There are blowholes, and then there are the Alofaaga blowholes. Located on the South west coast of Savai’i island, these natural treasures can provide you with hours of fun!
They aren’t just a small spurt of water coming through a hole in the rocks. These things pump the ocean swell through the side of a cliff, into a cavity and out of a hole big enough for a few of us to fall into. The jet of water is so powerful it shoots hundreds of feet into the air.
The sheer power of these blowholes is absolutely unbelievable.
A waterproof camera is a must-bring item to this activity. If anyone can figure out a way of having a gopro camera shot into the air with one of the blowholes, and retrieving the footage, then they would be my hero for life.
The experience is only really worth it if you bring a whole heap of old coconut husks with you. Now here’s a tip. If a guy offers to come and do the coconut throwing for you for 40 tala, don’t do it. There is nothing wrong with bringing your own. You have to pay 5 tala each to enter the village anyway.
Once you arrive at the blowholes, it is highly recommended that you strip down to swimwear. You WILL get wet.
Throwing coconuts, coconut husks and old weaved baskets into the blowhole had us giggling like school girls (I was the only actual girl there, but it sounded like there were 10 of us) and wanting to stay for the rest of the day. We almost forgot that we had other places to go and see.
Our fabulous blowhole experience did almost end with a casualty. Turns out that shooting coconuts hundreds of meters into the air can be quite dangerous. This video shows our friend Riki almost get wiped out. The coconut missed him by about 30 centimeters.
Needless to say, we could not stop laughing about this for the rest of the holiday.
Afu Aau Falls
This place is everything you could ever ask for in a waterfall and swimming hole. Wonderfully fresh water, a deep pool in which you can jump from the cliff on the side, and many rocky areas where you can lounge around.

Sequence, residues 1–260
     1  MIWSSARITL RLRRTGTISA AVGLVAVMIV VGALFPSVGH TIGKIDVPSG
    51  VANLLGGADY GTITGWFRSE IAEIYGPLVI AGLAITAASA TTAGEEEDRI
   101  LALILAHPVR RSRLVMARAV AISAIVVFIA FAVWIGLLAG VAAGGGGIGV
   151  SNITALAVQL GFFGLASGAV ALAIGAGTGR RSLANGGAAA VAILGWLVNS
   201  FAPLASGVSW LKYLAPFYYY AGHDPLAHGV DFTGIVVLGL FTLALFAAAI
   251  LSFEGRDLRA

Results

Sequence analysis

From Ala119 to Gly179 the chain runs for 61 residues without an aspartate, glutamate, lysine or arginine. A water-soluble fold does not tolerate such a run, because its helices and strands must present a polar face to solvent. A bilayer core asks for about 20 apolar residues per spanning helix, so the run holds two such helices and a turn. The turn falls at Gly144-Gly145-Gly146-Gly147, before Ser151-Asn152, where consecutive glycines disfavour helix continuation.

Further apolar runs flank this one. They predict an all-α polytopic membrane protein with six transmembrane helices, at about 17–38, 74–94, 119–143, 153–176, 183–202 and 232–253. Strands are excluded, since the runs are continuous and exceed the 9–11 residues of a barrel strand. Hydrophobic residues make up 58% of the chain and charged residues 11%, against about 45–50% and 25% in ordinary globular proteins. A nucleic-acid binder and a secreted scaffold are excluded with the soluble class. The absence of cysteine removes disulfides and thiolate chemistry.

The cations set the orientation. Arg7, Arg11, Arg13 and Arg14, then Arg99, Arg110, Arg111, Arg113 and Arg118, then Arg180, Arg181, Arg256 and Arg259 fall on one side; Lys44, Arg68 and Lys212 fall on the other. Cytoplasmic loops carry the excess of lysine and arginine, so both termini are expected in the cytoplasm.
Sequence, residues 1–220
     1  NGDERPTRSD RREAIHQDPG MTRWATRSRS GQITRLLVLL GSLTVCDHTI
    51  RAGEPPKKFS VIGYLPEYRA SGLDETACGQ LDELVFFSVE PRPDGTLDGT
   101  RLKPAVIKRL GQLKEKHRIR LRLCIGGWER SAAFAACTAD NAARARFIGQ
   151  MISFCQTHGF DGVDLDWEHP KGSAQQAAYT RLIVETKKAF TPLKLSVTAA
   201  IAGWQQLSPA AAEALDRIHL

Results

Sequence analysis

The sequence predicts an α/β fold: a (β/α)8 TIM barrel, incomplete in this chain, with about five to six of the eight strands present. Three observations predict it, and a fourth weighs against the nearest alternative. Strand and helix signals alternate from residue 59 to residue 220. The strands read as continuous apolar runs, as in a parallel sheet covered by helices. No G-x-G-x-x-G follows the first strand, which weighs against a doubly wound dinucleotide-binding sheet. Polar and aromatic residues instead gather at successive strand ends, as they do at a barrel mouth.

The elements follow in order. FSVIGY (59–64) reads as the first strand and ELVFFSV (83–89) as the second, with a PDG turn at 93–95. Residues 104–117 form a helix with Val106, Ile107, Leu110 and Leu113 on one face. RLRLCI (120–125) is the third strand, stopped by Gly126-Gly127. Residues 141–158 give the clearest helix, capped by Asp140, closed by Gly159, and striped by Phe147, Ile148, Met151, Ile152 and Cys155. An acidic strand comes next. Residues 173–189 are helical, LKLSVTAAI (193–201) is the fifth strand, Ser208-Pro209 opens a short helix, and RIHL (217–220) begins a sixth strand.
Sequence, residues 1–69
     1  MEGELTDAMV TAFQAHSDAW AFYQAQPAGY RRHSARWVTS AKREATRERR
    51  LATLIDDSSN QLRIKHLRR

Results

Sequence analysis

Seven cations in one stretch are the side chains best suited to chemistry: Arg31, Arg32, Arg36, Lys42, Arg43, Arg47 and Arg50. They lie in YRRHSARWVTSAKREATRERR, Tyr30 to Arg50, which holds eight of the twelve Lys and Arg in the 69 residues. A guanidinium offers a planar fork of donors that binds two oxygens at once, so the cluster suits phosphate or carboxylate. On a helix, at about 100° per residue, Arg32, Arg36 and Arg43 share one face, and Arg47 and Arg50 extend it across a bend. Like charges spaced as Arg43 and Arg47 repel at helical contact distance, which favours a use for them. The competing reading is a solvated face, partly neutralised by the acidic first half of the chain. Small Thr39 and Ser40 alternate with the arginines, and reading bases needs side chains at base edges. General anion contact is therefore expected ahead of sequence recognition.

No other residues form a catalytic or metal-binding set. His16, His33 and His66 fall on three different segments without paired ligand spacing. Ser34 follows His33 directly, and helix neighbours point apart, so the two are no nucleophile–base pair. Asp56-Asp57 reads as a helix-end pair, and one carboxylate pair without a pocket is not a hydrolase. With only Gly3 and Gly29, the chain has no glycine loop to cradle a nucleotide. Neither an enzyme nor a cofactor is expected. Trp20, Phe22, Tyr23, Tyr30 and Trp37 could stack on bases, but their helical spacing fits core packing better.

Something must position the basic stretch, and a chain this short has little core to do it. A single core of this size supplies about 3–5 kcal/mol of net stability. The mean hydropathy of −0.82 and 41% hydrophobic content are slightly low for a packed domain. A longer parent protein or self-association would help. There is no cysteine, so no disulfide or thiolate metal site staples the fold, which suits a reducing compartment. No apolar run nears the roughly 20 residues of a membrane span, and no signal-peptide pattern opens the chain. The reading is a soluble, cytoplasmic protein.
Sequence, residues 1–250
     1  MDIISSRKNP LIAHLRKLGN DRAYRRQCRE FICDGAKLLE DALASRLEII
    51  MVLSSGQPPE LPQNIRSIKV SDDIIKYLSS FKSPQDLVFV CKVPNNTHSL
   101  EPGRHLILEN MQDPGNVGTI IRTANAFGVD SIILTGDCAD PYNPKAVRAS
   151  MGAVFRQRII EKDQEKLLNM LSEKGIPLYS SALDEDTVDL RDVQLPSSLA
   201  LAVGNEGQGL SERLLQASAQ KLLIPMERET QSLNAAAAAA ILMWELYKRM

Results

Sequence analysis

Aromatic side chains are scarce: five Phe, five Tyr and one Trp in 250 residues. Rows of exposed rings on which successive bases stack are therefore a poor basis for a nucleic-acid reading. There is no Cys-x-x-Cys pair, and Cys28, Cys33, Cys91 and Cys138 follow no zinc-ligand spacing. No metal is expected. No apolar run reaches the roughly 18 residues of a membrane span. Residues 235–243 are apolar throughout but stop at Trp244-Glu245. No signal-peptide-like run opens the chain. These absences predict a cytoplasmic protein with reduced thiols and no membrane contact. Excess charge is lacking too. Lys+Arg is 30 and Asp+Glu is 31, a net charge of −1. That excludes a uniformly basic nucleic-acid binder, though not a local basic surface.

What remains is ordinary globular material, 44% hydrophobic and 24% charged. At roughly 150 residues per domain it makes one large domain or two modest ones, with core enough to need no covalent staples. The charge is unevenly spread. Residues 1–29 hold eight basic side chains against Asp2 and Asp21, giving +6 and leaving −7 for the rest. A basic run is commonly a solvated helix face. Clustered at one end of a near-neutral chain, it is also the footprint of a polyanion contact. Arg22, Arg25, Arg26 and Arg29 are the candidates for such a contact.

There is also a tree you can use to swing from into the water.
Or climb into the cave behind the waterfall and try to jump through it…
… Really all it does is slam you downwards. More giggles.
Swimming turtles/swim with turtles
OK, so there was a bit of confusion after we completed this activity. Satoalepai village raises turtles in a half fresh half salt water pool besides some wetlands. Apparently they release them once they have grown up.
Now, we were expecting beautifully clear water and to be able to see the turtles from outside the water.
When we arrived there was no one around except for a small child who was sleeping on the seats near the pool. He got a big fright when we walked over. He did not speak any English.
The sign outside said “swimming turtles” not “swim with turtles.” The water was an icky dirty brown, and there was a smell of sewerage.. That didn’t stop us. One of the boys belly flopped in (because there was no where to really climb down by ladder or anything). The young boy starred wide-eyed and quickly ran away.
Maybe we weren’t supposed to swim with the turtles???
Anyway, we all got in and swam around searching. It did not take long to come across some inquisitive turtles. With 6 of us splashing around, they quickly got their daily exercise.